Resuscitation
Adrenaline does little to increase patient's survival after cardiac arrest
Giving patients adrenaline after they suffer a cardiac arrest outside of a hospital does not increase their prospects of surviving long-term, according to new research conducted at St. Michael's Hospital.

Contact: Geoff Koehler
416-864-6060 x6537
St. Michael's Hospital

Public Release: 17-Apr-2014
Globalization and Health
New evidence of suicide epidemic among India's 'marginalized' farmers
Latest statistical research finds strong causal links between areas with the most suicides and areas where impoverished farmers are trying to grow crops that suffer from wild price fluctuations due to India's relatively recent shift to free market economics.

Contact: Jonathan Kennedy
jk428@cam.ac.uk
44-793-841-4350
University of Cambridge

Public Release: 17-Apr-2014
International Journal of Electronic Marketing and Retailing
Newlyweds, be careful what you wish for
A statistical analysis of the gift 'fulfillments' at several hundred online wedding gift registries suggests that wedding guests are caught between a rock and a hard place when it comes to buying an appropriate gift for the happy couple.

Contact: Albert Ang
press@inderscience.com
Inderscience Publishers

Public Release: 17-Apr-2014
American Journal of Psychiatry
Impact of childhood bullying still evident after 40 years
The negative social, physical and mental health effects of childhood bullying are still evident nearly 40 years later, according to new research by King's College London. The study is the first to look at the effects of bullying beyond early adulthood, and is published in the American Journal of Psychiatry.

Contact: Seil Collins
seil.collins@kcl.ac.uk
44-207-848-5377
King's College London

Public Release: 17-Apr-2014
Journal of Adolescent Health
Distracted driving among teens threatens public health and safety
Motor vehicle crashes rank as the leading cause of teen deaths and in 2008, 16 percent of all distraction-related fatal automobile crashes involved drivers under 20 years of age. These grim statistics, coupled with an increasing nationwide awareness of the dangers of distracted driving for all ages, prompted the publication of an important supplement to the Journal of Adolescent Health that explores the causes of distracted driving and offers practical recommendations to reduce the incidence of distracted driving among teens.

Contact: Eileen Leahy
e.leahy@elsevier.com
732-238-3628
Elsevier Health Sciences

Public Release: 17-Apr-2014
Science
Jump-starting natural resilience reverses stress susceptibility
Scientists have traced vulnerability to depression-like behaviors in mice to out-of-balance electrical activity inside neurons and experimentally reversed it. Once electrical balance was restored, previously susceptible animals were no longer prone to becoming withdrawn, anxious, and listless following socially stressful experiences. But there's a twist. The secret to such resilience was not to suppress the runaway activity, but to push it up even further, eventually triggering a compensatory self-stabilizing response.
NIH/National Institute of Mental Health

Contact: Jules Asher
NIMHpress@nih.gov
301-443-4536
NIH/National Institute of Mental Health

Public Release: 17-Apr-2014
Social Psychological and Personality Science
Our relationship with God changes when faced with potential romantic rejection
Easter is a time when many people in the world think about their relationships with God. New research explores a little-understood role of God in people's lives: helping them cope with the threat of romantic rejection. In this way, God stands in for other relationships in our lives when times are tough.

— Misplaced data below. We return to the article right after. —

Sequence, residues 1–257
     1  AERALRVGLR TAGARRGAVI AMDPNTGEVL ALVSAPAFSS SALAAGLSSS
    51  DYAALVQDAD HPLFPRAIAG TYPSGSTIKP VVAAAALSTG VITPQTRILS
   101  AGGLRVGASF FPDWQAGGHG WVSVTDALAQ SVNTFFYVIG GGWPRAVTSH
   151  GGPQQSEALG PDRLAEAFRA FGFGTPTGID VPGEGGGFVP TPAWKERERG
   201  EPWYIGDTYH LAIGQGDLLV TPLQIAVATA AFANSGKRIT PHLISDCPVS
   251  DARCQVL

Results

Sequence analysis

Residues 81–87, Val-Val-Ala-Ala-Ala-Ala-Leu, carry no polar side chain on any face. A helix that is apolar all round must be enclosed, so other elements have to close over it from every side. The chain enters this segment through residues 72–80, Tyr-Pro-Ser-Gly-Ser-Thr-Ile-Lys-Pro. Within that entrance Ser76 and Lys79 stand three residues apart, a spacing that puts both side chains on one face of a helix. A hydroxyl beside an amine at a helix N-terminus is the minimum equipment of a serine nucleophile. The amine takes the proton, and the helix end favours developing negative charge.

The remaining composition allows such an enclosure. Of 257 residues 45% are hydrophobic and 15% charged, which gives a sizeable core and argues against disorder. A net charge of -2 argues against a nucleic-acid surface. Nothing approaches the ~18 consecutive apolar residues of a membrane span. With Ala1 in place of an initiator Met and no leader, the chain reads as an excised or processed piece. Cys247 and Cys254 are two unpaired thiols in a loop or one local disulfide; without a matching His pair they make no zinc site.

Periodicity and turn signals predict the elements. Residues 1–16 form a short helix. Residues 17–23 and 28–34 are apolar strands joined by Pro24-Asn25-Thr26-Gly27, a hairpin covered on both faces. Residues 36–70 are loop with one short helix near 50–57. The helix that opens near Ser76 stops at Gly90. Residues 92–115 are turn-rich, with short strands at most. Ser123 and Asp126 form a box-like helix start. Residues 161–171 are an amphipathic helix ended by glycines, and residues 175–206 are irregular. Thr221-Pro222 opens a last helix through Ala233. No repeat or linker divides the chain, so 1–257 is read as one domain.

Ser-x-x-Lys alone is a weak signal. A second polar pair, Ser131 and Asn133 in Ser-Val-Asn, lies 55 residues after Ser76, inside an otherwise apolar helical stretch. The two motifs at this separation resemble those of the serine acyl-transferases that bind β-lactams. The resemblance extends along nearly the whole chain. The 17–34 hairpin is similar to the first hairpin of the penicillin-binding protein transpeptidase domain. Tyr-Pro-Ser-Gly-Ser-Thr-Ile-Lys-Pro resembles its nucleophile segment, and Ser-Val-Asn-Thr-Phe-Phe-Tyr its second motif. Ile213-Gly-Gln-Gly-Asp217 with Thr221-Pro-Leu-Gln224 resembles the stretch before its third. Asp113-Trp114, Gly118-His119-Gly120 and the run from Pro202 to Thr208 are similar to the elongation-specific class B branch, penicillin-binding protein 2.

Contact: Lisa M.P. Munoz
spps.media@gmail.com
571-354-0754
SAGE Publications

Public Release: 17-Apr-2014
PLOS ONE
Our brains are hardwired for language
People blog, they don't lbog, and they schmooze, not mshooze. But why is this? Why are human languages so constrained? Can such restrictions unveil the basis of the uniquely human capacity for language?

Contact: Iris Berent
i.berent@neu.edu
617-680-9848
Northeastern University College of Science

Public Release: 17-Apr-2014
Neuron
Neurons in the brain tune into different frequencies for different spatial memory tasks
Your brain transmits information about your current location and memories of past locations over the same neural pathways using different frequencies of a rhythmic electrical activity called gamma waves, report neuroscientists at The University of Texas at Austin. The research, published in the journal Neuron on April 17, may provide insight into the cognitive and memory disruptions seen in diseases such as schizophrenia and Alzheimer's, in which gamma waves are disturbed.
Klingenstein Fund, Alfred P. Sloan Foundation, NIH/National Institute of Mental Health

Contact: Marc Airhart
mairhart@austin.utexas.edu
512-232-1066
University of Texas at Austin

Public Release: 17-Apr-2014
Cell Reports
For resetting circadian rhythms, neural cooperation is key
Fruit flies are pretty predictable when it comes to scheduling their days, with peaks of activity at dawn and dusk and rest times in between. Now, researchers reporting in the Cell Press journal Cell Reports on April 17 have found that the clusters of brain cells responsible for each of those activity peaks -- known as the morning and evening oscillators, respectively -- don't work alone. For flies' internal clocks to follow the sun, cooperation is key.

Contact: Mary Beth O'Leary
moleary@cell.com
617-397-2802
Cell Press

Public Release: 17-Apr-2014
Molecular Cell
Research points to potential treatment strategy for Fragile X syndrome
Individuals with Fragile X syndrome cannot produce enough of a protein -- called the fragile X mental retardation protein (FMRP) -- whose function has remained somewhat mysterious. Now researchers show that the FMRP protein regulates the machinery within a cell that is responsible for generating all functional proteins. The findings provide new insights into how Fragile X syndrome develops and could lead to novel therapies that might help restore some of the capabilities lost in affected individuals.

Contact: Mary Beth O'Leary
moleary@cell.com
617-397-2802
Cell Press

Public Release: 17-Apr-2014
PLOS Genetics
Progressive neurodegenerative disorder linked to R-loop formation
Researchers at UC Davis have identified a new feature of the genetic mutation responsible for the progressive neurodegenerative disorder, fragile X-associated tremor/ataxia syndrome -- the formation of 'R-loops,' which they believe may be associated with the disorder's neurological symptoms, such as tremors, lack of balance, features of Parkinsonism, and cognitive decline.
National Institute of Health

Contact: Phyllis Brown
phyllis.brown@ucdmc.ucdavis.edu
916-734-9023
University of California - Davis Health System